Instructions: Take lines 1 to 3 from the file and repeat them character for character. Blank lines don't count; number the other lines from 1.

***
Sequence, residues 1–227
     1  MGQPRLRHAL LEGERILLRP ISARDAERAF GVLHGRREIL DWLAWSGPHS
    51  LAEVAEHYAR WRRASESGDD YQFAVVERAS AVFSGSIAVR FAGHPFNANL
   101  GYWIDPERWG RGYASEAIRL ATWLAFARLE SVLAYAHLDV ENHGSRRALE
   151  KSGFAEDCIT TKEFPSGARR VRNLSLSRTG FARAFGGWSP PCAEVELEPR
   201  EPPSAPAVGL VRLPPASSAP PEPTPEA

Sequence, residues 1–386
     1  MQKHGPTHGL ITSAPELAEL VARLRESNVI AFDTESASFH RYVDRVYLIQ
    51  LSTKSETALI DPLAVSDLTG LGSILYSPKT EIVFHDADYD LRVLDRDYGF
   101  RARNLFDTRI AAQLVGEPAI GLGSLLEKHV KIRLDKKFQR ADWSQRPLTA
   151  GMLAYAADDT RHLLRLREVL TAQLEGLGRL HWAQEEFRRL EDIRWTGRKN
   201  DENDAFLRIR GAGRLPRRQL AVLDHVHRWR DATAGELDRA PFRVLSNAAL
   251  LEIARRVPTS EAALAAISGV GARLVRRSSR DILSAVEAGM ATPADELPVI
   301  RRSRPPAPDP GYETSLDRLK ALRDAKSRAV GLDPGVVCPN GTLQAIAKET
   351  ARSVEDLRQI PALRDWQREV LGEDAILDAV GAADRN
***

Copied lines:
Sequence, residues 1–227
     1  MGQPRLRHAL LEGERILLRP ISARDAERAF GVLHGRREIL DWLAWSGPHS
    51  LAEVAEHYAR WRRASESGDD YQFAVVERAS AVFSGSIAVR FAGHPFNANL